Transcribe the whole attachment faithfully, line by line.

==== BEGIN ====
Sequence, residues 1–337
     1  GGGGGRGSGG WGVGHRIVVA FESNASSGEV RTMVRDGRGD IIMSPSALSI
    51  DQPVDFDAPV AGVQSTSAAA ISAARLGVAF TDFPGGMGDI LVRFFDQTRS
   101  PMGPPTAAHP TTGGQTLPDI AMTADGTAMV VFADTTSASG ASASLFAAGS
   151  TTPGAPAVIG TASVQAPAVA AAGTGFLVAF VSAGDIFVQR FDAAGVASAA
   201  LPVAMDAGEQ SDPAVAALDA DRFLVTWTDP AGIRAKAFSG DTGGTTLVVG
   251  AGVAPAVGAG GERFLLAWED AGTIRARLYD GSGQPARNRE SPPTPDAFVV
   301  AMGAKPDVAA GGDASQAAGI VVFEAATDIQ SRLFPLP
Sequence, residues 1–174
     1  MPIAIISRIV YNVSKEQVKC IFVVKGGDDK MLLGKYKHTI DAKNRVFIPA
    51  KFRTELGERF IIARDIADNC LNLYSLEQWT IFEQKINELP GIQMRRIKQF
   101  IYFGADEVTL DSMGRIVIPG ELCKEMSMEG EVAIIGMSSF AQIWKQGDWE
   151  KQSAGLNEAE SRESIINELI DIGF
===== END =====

Sequence, residues 1–337
     1  GGGGGRGSGG WGVGHRIVVA FESNASSGEV RTMVRDGRGD IIMSPSALSI
    51  DQPVDFDAPV AGVQSTSAAA ISAARLGVAF TDFPGGMGDI LVRFFDQTRS
   101  PMGPPTAAHP TTGGQTLPDI AMTADGTAMV VFADTTSASG ASASLFAAGS
   151  TTPGAPAVIG TASVQAPAVA AAGTGFLVAF VSAGDIFVQR FDAAGVASAA
   201  LPVAMDAGEQ SDPAVAALDA DRFLVTWTDP AGIRAKAFSG DTGGTTLVVG
   251  AGVAPAVGAG GERFLLAWED AGTIRARLYD GSGQPARNRE SPPTPDAFVV
   301  AMGAKPDVAA GGDASQAAGI VVFEAATDIQ SRLFPLP
Sequence, residues 1–174
     1  MPIAIISRIV YNVSKEQVKC IFVVKGGDDK MLLGKYKHTI DAKNRVFIPA
    51  KFRTELGERF IIARDIADNC LNLYSLEQWT IFEQKINELP GIQMRRIKQF
   101  IYFGADEVTL DSMGRIVIPG ELCKEMSMEG EVAIIGMSSF AQIWKQGDWE
   151  KQSAGLNEAE SRESIINELI DIGF